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“I think this freedom is vital to an artist’s work and is necessary in the creation of something true and sublime.”

The Evolution of Jitao: From Tech Design to Oil Pastels

Jitao (繼濤), a Filipino-American artist currently residing in Taiwan, embraces his Taiwanese moniker, which signifies “continuous great waves.” Born Nate Navasca in 1989, he spent his early years in Japan with his Filipino family before relocating to the serene suburban landscape of Virginia Beach, United States.

In his youth, Navasca nurtured a passion for drawing, which eventually led him to study architecture in college. However, he yearned for greater creative freedom and transitioned to graphic design during his second year. Upon graduating, Jitao briefly entered the advertising industry before a fortuitous opportunity propelled him into the dynamic realm of technology startups in Silicon Valley. For six years, he honed his expertise as a designer for phone and web interfaces, culminating in his role at Robinhood, where he crafted products now utilized by millions.

In 2019, Jitao departed the tech industry, driven by a persistent desire for artistic autonomy and a longing to revisit his childhood aspiration of becoming an artist. The following year, he and his wife, also a former tech professional, journeyed to Taiwan to rejuvenate and contemplate their future paths. By 2022, Jitao committed to pursuing a full-time career as an artist, a decision he has now embraced for over a year.

Throughout his tenure in technology startups, Jitao’s design philosophy centered on minimalist functionality, prioritizing clarity and usability in digital products. His artistic practice now serves as a striking counterpoint to this earlier chapter in his life. Liberated from the confines of rigid lines, rectangles, and grid systems, Jitao revels in the spontaneity of observation and mark-making. Furthermore, he employs color not merely as an instrument for hierarchical emphasis within interfaces, but as a means of evoking emotion and expressing his artistic vision.

A Childhood Passion Rekindled: Jitao’s Artistic Exploration

From an early age, Jitao displayed a natural affinity for art, with memories of drawing even before his earliest recollections. His parents played a pivotal role in fostering his creative inclinations, serving as his initial audience and surrounding him with art prints of renowned artists such as Picasso and Van Gogh. Although he found amusement in the fact that these prints were not authentic, their presence likely influenced him on a subconscious level.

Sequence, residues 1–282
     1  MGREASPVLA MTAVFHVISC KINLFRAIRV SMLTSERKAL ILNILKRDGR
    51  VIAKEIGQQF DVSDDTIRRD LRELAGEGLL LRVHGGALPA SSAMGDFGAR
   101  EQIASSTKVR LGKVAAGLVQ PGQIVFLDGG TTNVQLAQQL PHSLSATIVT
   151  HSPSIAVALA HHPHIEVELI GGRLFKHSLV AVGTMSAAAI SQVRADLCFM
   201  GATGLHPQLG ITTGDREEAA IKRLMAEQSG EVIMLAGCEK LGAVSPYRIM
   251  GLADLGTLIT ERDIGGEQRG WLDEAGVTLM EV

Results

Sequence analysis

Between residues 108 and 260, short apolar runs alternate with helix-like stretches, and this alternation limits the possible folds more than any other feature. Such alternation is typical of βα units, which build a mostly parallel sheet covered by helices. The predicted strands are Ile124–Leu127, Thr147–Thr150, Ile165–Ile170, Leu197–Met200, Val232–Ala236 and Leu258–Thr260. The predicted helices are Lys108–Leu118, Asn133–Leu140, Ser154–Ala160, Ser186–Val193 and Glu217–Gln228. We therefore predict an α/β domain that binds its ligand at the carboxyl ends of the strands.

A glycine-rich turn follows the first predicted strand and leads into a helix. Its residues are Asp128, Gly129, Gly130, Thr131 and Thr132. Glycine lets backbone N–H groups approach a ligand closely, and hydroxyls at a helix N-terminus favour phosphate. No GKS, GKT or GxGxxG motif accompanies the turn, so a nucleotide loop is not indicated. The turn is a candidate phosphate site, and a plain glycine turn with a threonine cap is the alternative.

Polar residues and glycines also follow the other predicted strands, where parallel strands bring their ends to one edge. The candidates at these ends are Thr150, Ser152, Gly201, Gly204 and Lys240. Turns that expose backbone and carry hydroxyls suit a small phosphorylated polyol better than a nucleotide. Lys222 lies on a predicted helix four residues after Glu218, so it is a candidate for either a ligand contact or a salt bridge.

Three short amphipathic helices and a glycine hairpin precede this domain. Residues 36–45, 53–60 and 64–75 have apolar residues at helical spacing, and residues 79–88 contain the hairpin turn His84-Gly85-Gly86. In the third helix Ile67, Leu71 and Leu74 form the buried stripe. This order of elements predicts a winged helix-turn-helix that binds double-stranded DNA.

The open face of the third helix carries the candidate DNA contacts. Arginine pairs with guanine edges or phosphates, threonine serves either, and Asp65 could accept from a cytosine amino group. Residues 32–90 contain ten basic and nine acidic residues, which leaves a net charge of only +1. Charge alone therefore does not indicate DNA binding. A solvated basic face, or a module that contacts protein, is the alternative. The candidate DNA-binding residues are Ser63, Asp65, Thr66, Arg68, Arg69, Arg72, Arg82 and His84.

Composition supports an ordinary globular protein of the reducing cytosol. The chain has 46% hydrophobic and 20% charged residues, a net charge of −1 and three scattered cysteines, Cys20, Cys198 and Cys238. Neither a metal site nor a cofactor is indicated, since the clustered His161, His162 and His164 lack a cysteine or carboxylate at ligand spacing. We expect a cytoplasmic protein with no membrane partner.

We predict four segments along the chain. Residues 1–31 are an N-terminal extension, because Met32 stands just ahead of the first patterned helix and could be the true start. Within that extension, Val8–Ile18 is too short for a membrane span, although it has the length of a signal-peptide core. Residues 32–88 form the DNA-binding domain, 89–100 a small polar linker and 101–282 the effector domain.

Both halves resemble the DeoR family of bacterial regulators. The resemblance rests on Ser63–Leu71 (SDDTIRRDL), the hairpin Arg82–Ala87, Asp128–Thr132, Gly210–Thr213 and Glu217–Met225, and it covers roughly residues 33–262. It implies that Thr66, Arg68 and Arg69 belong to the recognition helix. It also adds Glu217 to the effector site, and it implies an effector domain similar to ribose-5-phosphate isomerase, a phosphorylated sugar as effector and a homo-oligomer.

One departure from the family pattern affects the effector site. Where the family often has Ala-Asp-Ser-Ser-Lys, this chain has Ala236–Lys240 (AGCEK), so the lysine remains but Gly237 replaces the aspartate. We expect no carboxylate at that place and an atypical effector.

During Jitao’s childhood, he was particularly drawn to the human figure and portraiture. However, like many American children growing up in the 90s, his primary artistic focus was on sketching beloved fictional characters like Goku and Batman. After a hiatus of over a decade, Jitao found the financial stability and confidence to return to his artistic pursuits and chase his childhood dreams.

In 2022, Jitao embarked on a journey of artistic exploration, starting with oil painting. He diligently studied still life, portraiture, and landscape, striving to master the fundamentals of light, color, and form. However, after several months, he transitioned to oil pastels, seeking a more immediate and intimate medium. Jitao discovered that the meticulous nature of oil painting hindered his ability to achieve a state of flow, which he found essential in capturing fleeting observations and sensations.

The tactile immediacy of oil pastels enabled Jitao to minimize the gap between observation and mark-making, evoking a sense of meditative focus akin to acknowledging a thought before letting it go. This shift in medium ultimately led to a change in his artistic focus: he began to concentrate on light and color. Upon recognizing a weakness in these areas within his early work, Jitao decided to hone these skills, transforming them into the primary driving forces behind his current artwork.

Jitao’s contemporary creations emphasize transient sensations and observations of light and color, all within the context of portraiture. By employing the universally recognized framework of portraiture, his art effortlessly navigates the spectrum between representational and abstract. This approach allows Jitao to convey the ethereal and ephemeral nature of perception with greater purity and impact.

The Art of Perception: Jitao’s Approach to Light, Color, and Abstraction

From the earliest moments of life, humans are innately skilled at deciphering facial expressions. This universal aptitude for facial recognition allows Jitao to experiment with abstraction in his artwork while retaining a degree of representation. He posits that the amalgamation of colors and shapes, combined with an individual’s cognitive understanding of the world, shapes the way people truly perceive their surroundings.